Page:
Editorial: Slow progress

If the aim of the authors of the latest report into the New Zealand police was to stick a rocket under the collective bottom of police management, they certainly achieved it.

That said, it is difficult to come away from reading the PricewaterhouseCoopers report on the progress of police reform without a degree of sympathy for officers.

The report for the State Services Commission is the third in a series which measures progress towards a culture shift in the force. The need for change was identified by the Commission of Inquiry into Police Conduct which was prompted by revelations about serious sexual misconduct in the force.

The latest report is explosive. It found that while positive progress had been made towards changing the culture of the force had been made, that effort had now reached a plateau, and, to paraphrase, the authors had grown impatient that management changes were progressing at a snail's pace.

That means nepotism, discrimination against women and poor performance among senior staff remain problems in the force. Underperformers are not being tackled and much greater urgency was needed to change the culture of police.

The report claimed an immediate scalp, that of deputy commissioner Rob Pope, and united police management and the frontline officers' union – the Police Association – in their defence of the force and criticism of the findings. Commissioner Howard Broad, who is in his final months at the top of the force, described the report as a "slapping" that had the potential to harm morale. That would be a fair summation.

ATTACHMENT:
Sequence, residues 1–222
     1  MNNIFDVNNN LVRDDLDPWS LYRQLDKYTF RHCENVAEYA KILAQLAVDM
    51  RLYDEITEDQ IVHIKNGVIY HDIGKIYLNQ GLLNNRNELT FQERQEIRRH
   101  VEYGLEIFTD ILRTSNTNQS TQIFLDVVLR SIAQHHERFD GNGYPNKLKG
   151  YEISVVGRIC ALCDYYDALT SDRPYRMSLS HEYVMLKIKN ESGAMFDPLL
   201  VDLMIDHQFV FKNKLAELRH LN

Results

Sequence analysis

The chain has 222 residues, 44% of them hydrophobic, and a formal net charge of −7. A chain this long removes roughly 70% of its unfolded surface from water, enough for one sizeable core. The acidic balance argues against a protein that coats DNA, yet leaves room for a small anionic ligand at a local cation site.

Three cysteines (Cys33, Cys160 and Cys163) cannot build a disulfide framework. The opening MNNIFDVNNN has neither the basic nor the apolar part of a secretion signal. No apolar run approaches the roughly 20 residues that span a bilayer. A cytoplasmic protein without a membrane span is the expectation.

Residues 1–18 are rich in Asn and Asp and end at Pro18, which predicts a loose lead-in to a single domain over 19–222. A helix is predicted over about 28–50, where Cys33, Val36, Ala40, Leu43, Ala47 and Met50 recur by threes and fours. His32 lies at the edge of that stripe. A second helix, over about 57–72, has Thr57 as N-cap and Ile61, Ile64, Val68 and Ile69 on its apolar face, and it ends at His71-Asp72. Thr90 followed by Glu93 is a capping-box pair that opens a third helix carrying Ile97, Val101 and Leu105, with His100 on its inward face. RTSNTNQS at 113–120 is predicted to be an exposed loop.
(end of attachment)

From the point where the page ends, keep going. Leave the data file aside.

While the force's most senior managers are on the way out, this is not where the problem lies, according to the report.

Middle management in the police attracts the most flak for being slow to change. While the report's authors said they were impressed by the level of candour from officers interviewed, they had grown impatient with police saying that change would be slow and was likely to be "generational".

They found that senior management in the police lacked the confidence and adeptness to make "bold circuit-breaking and symbolic moves" to change the force's culture.

The report gives notice that senior police are being held to account for the changes they need to make, and it is not enough to simply make the right noises and get on with the job.

It is easy to understand police frustration at the report. It is full of its fair share of management gobbledegook – police need to step through a process of change management from "atomise to consolidate" – for example. There is also a danger that the authors are being held captive by the whingers and the haters. You do not have to look far in any organisation to find malcontents, and there is certainly no shortage in the police force which has, by its nature, to have a conservative and fairly rigid structure.

The force is not Google or Facebook, or a management consultancy full of creative thinkers. Police have to brave individuals who have to deal with crime, loss and some of the worst aspects of human nature, every day. They have to be scrupulously honest, tolerant and compassionate. They also have to catch the baddies.

There is no systemic corruption in the force. Our police, by and large, do a good job.

The organisation is trying hard to change, but needs to try harder. It's a message which will surely be heard by the new management.

The Timaru Herald